Everything You Need to Know about USB-C

What is USB-C?

USB is, by far, the most important and widespread connection type in electronics today. We use USB ports and cables to connect peripherals—such as keyboards and printers—to charge our phones, and to transfer data to memory sticks or hard drives. Despite the fact that USB is meant to be a universal connection, USB connections have varied widely in the past. This is where USB-C comes in.


In the past, the two ends of the connection have often been different. That is, one end of the connection would be USB while the other would vary. For this reason, different devices required different cables. The new USC-C connection type, however, promises to do away with the need for all of these cables. USB-C connections are the same at both ends. In addition to this, unlike older USB connection types, USB-C connections are not asymmetrical. This means that you no longer have to plug cables in right side up.


To better understand USB-C connections, it helps to take a walk down memory lane and look at past connection types.


USB Types: USB-A, USB-B, and USB-C

In the past, USB connections have had two different ends. The classic rectangular USB plugs we’ve become accustomed to are Type-A connections. These are typically used at the host end of the connection, which is why computers are usually equipped with several USB ports. USB-A connections have changed over the years, incorporating different standards that allowed faster speeds. More on the standards later, but despite these variations, USB-A connections remained compatible across standards.


The other end of a USB cable used a USB-B connection. This end of the connection, the client end, varies widely. The first USB-B connections we saw were tall squares with sloping corners at the top. These connectors are common on printers. There are also a variety of other USB-B connections, such as miniUSB and microUSB, common on smartphones, tablets, and e-readers.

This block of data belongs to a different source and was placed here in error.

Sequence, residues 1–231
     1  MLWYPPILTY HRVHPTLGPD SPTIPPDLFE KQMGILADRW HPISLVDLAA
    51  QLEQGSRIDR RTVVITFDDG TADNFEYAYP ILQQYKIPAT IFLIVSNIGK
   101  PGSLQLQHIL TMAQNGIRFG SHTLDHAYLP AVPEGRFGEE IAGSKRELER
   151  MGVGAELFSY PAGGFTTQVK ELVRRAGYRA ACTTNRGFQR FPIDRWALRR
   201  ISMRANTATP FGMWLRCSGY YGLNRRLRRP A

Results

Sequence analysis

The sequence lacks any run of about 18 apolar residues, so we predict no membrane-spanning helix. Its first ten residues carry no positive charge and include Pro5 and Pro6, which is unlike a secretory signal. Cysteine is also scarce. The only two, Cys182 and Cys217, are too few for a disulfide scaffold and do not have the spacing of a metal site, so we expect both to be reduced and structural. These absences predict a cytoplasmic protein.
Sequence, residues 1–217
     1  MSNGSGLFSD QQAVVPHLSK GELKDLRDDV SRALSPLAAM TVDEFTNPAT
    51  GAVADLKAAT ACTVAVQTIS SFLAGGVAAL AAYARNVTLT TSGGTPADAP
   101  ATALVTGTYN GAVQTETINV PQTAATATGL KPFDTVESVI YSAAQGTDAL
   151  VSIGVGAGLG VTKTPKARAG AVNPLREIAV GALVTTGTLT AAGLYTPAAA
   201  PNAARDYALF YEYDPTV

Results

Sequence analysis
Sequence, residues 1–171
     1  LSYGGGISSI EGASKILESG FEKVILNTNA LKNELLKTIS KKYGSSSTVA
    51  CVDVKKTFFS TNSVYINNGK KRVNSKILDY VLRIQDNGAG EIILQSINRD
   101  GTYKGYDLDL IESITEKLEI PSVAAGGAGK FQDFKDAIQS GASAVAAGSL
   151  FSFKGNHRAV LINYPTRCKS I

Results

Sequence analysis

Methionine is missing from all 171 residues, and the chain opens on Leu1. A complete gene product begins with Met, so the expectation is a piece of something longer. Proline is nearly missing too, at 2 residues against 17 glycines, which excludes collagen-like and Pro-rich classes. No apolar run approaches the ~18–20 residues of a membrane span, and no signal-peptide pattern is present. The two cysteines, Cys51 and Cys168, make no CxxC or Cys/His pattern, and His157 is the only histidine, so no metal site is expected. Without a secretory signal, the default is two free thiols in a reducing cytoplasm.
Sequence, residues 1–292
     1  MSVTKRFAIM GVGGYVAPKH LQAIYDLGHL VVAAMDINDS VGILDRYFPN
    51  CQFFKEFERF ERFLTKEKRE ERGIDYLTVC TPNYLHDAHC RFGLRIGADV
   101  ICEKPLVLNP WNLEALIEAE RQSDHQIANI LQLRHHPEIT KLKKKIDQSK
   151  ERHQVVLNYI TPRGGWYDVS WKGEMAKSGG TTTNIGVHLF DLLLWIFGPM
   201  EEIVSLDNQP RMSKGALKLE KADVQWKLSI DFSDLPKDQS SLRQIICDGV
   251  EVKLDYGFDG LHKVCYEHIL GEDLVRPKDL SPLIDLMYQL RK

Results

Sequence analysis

So, what we’re used to seeing when it comes to USB connections is two different connectors on each end: one standard USB-A and one USB-B, which can vary across devices.


This brings us to USB-C, a connector that promises to put an end to all this confusion. As I mentioned earlier, USB-C connections are the same on both ends. This means you can use the same cable to connect a wide variety of devices to each other.


USB Standards: 1.1, 2.0, 3.0, and 3.1

When talking about USBs, you might’ve heard of USB 1.1, 2.0, 3.0, and 3.1. So where do these numbers come in? These refer to the USB standard and define the maximum speed and power of the connection. In short, they have nothing to do with the physical appearance and compatibility of the connection. Instead they determine how much information can be passed and at what speed. I won’t get too far into the speeds and feeds here but the newer the version, the faster and more powerful the connection.


Why You Need USB-C

Now that we’ve looked at USB types and standards, we can look at why you might want to adopt USB-C.


In addition to being reversible, USB-C provides faster speeds and power, building on the USB 3.1 standard. Earlier this year, Intel also announced that its new Thunderbolt 3 ports would use the USB-C connectors. Thunderbolt provides even faster speeds and more power than USB 3.1. In fact, Thunderbolt 3 makes it possible to power a laptop or other device.


Thanks to this increased power and speed, USB-C ports can not only accommodate a variety of devices, but can be used to plug in power cords as well. In fact, Apple has already implemented USB-C on its new MacBook. Aside from the headphone jack, this is the only port on the new MacBook and is used to connect other devices and to connect the computer’s power cord.


USB-C Considerations

Although USB-C is poised to replace other connection types, there are still some things to consider. The biggest thing to keep in mind is that a USB-C cable cannot deliver the power and speeds you might like to see on its own. After all, the cable is just a conduit. To get power delivery and the maximum performance, the port itself must be equipped with these functions. For this reason, it’s important to do your research and speak to sales associates when purchasing new devices, to ensure you’re clear on the functionality and performance you can expect from your USB-C connected devices.

By Mike Agerbo

February 16, 2016